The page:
- Contributed by
- People in story:
- JEANNE FEENEY NEE DAVIES
- Location of story:
- BRISTOL, SOUTH WALES
- Background to story:
- Article ID:
- Contributed on:
- 03 August 2005
THIS STORY WAS ADDED WITH MRS FEENEY'S PERMISSION BY CSV VOLUNTEER AT BBC RADIO BRISTOL
I was born in Nottingham on the 3rd April 1936, my earliest memory of the war was living with my Aunt (Doris Fry ) in Bristol, Aunty Doris was mum’s sister and she lived in Ashgrove Road, Chessels. It was here that my brother was born in September 1940, it was the night of a ‘dog fight’ over Filton. I had to sleep on a mattress under the stairs, which was really a pantry.
It must have been several months later that we moved to Pontllanfraith in South Wales, where my father had to work in munitions factory in the Pentland Hills.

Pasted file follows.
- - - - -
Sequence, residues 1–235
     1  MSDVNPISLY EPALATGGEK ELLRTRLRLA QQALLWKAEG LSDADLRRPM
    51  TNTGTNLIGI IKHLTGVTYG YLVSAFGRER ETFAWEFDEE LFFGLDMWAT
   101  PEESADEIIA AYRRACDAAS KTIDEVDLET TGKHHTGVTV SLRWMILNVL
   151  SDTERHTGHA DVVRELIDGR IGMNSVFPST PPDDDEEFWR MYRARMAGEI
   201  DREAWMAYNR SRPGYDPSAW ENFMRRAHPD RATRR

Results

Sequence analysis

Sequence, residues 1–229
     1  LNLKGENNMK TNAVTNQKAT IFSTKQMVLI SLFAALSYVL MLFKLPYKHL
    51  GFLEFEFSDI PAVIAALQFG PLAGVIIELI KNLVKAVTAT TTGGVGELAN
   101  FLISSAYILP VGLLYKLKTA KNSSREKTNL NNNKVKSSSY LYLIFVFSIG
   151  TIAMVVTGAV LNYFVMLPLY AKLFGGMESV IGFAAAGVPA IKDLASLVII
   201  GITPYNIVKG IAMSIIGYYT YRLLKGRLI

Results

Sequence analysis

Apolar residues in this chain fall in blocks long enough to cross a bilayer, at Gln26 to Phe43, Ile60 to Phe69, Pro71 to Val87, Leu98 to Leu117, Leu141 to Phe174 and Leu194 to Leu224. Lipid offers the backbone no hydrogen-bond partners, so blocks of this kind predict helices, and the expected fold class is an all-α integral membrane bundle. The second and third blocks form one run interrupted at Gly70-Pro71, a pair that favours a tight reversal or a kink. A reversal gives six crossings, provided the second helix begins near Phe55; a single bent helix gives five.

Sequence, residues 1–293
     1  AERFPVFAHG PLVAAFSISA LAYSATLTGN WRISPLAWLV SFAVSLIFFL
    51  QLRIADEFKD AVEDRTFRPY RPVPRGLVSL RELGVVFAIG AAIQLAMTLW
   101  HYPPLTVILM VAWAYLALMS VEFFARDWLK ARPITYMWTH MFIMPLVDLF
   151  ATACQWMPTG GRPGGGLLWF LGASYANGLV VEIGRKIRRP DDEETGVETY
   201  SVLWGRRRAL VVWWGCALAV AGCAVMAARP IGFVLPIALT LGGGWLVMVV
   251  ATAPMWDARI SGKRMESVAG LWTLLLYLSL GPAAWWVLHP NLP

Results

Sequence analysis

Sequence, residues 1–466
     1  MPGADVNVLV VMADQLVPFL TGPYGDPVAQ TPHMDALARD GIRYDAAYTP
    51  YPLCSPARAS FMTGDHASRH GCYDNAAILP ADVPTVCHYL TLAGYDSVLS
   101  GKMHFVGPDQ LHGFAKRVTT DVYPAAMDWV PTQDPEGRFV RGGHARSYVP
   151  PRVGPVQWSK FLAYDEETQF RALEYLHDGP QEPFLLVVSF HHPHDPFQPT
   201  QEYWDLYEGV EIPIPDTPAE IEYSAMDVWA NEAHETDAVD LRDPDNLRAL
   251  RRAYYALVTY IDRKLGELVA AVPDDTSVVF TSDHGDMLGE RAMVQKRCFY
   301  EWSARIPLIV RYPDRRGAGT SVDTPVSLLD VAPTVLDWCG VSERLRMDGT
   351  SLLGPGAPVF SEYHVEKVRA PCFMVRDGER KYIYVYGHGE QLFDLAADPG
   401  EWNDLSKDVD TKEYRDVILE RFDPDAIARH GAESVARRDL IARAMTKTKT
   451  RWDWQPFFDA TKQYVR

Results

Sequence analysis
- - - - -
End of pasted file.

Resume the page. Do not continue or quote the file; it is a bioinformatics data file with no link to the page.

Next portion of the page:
During the war American soldiers were stationed in a very large tented village, and some of my earliest memories were of me and friends walking around G.I camps where we were given sweets and chewing gum. This was a real treat as it was the first time I ever saw a black man, as a majority of US soldiers in the camp were black. I remember it was a well known fact the ‘yanks’ never went short of food. I remember they had a fire in their food tent and because some tins were scorched these were given away to civilians. I remember waiting at the gates for their handouts of tinned fruit, SPAM etc what a treat!
It was here I started school in Blackwood, eventually returning to Bristol when I was about 8 years old and then I went to South St School.
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